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On 21 March, the SWAC Secretariat organised its first webinar drawing on key findings from the West African paper No. 10, “Wars and Conflicts in the Sahara-Sahel.” Some 70 policy-makers, experts and partners participated in the online debate. Read on
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Gender equality remains unfinished business worldwide, including in West Africa, and particularly in the Sahel. “Passing laws and devising national strategies are not enough”, highlights an article published by the OECD Development Centre and the SWAC Secretariat on the Development Matters blog. Read on
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In this article published by a Burkinabe online platform, Newton Ahmend Barry, president of the country’s independent National Electoral Commission, analyses the double attack that took place on 2 March in Ouagadougou. “We are wrong to believe that France or the G5 Sahel will solve our problems. No people in the world has ever been rescued by another people,” Barry wrote. Read on
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Food is particularly expensive for households in sub-Saharan Africa – relative to their incomes. Prices are 30-40% higher than in the rest of the world with comparable per capita GDP levels. In West Africa, markets provide at least two-thirds of household food supplies and households spend an average of 55% of their budgets on food. “Transforming the food economy is key to lowering prices,” explains Thomas Allen from the Sahel and West Africa Club Secretariat (SWAC/OECD) in an article published on the OECD Development Matters blog. Read on
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“Health systems in Africa are rapidly developing and the fourth Industrial Revolution in healthcare could take hold,” writes Patrice Matchaba from Novartis in a blog post on the World Economic Forum’s website. African countries have an opportunity to develop a strong preventive approach by conducting, for example, massive high-tech driven campaigns against parasitic diseases, malaria chemoprophylaxis and prophylactic antiretroviral medication to prevent HIV infection. Read on
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In this blog post published by IRIN, editor Obi Anyadike draws attention to the many challenges faced by African cities. three key findings: 1) African cities are crowded, “but not economically dense.” 2) African cities are disconnected. 3) African cities are costly, both for residents and businesses. The rapid urban growth is outpacing policy reforms. It is time for urgent reforms in African cities. Read on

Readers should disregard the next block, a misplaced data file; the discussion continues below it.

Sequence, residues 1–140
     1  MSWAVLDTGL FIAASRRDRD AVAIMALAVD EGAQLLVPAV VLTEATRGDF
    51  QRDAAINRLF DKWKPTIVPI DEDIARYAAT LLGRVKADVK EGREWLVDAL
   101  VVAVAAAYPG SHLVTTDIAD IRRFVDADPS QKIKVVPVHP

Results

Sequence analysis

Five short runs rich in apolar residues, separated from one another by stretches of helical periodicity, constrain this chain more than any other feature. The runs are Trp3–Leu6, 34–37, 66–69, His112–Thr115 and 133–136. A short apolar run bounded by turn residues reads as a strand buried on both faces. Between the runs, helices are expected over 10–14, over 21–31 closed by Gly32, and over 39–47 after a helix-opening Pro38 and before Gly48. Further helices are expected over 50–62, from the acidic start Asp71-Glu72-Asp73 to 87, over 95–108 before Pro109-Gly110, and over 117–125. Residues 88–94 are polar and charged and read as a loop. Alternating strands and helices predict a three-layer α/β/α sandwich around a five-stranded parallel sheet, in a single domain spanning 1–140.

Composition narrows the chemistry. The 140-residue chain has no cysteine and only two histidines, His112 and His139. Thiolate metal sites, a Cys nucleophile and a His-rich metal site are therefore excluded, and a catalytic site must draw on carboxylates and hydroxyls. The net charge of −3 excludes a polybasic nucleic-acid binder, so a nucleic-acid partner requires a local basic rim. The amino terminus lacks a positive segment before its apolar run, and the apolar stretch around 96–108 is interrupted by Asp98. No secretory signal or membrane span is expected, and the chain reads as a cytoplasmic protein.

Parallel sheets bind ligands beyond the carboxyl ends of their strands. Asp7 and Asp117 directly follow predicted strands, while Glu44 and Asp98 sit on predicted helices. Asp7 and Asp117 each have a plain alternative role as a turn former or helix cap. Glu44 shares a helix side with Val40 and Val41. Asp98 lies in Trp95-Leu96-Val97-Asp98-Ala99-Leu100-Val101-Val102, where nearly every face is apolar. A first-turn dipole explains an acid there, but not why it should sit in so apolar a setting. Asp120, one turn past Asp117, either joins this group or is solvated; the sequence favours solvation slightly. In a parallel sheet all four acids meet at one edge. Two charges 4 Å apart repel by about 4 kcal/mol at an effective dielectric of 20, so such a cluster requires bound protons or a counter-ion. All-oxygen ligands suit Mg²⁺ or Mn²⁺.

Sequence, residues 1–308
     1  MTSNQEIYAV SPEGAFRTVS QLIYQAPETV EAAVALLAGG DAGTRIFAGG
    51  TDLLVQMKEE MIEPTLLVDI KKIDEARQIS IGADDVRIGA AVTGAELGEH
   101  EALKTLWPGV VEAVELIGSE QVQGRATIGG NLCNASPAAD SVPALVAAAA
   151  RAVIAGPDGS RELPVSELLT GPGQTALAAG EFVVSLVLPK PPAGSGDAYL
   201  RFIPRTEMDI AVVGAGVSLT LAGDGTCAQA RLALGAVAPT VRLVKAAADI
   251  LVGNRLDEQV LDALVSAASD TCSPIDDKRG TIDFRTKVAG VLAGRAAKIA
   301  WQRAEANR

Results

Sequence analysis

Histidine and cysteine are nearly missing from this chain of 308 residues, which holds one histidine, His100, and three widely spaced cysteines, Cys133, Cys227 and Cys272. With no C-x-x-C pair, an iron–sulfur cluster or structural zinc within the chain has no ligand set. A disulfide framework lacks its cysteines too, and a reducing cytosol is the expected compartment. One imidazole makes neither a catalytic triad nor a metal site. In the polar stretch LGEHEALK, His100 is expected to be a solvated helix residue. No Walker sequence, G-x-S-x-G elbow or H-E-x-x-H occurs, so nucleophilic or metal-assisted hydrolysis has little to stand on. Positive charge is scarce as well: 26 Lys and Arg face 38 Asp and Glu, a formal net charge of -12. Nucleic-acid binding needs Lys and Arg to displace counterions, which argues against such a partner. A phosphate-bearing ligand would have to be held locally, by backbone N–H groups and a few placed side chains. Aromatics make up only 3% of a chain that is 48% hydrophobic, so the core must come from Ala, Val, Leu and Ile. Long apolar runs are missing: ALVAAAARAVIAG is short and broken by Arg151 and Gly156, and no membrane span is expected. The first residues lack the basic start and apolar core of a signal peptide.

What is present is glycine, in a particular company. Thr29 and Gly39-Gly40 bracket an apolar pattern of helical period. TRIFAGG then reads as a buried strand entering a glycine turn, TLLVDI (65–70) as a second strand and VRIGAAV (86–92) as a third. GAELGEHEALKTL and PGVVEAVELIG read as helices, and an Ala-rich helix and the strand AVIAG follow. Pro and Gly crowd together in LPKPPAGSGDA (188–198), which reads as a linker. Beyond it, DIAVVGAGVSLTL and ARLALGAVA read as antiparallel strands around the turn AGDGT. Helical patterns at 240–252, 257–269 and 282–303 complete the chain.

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Laurent Bossard, director of the Sahel and West Africa Club Secretariat, talks about the region's key challenges and the issue of youth employment. The interview was conducted on the sidelines of the Sahel and West Africa Week 2017 in Cotonou, Benin. Read on
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Conflict, drought and food price inflation are the main causes of food insecurity in Nigeria. The Boko Haram conflict has displaced massive numbers of people and has put more pressure on food resources in the northeastern part of the country, where violence is leading to a decline in agricultural production and is depriving farmers of stable incomes. Nutrition interventions need to be extended across the country, and involve related issues, such as maternal nutrition. Read on
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Laurent Bossard, Director of the SWAC Secretariat, and the economist Jean-Marie Cour were invited to the programme “Eco d’ici Eco d’ailleurs” on RFI, a French public radio channel, where they discussed the issue of rural migration in Africa. They lamented the often-false perception of this phenomenon, which shows how difficult it is for observers and development actors to change the paradigm when it comes to how the continent’s transformations are analysed. Read on
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The ambush that killed four American soldiers in Niger on 4 October has stirred up a public debate in the US. The controversy over the nature of the US intervention in Niger has been fuelled by the US military’s lack of transparency about this operation. With the need to step up the fight against Boko Haram, al-Qaeda and the Islamic State in the region, the United States may increase its presence and abandon the low-profile strategy that it has preferred until recently. Read on

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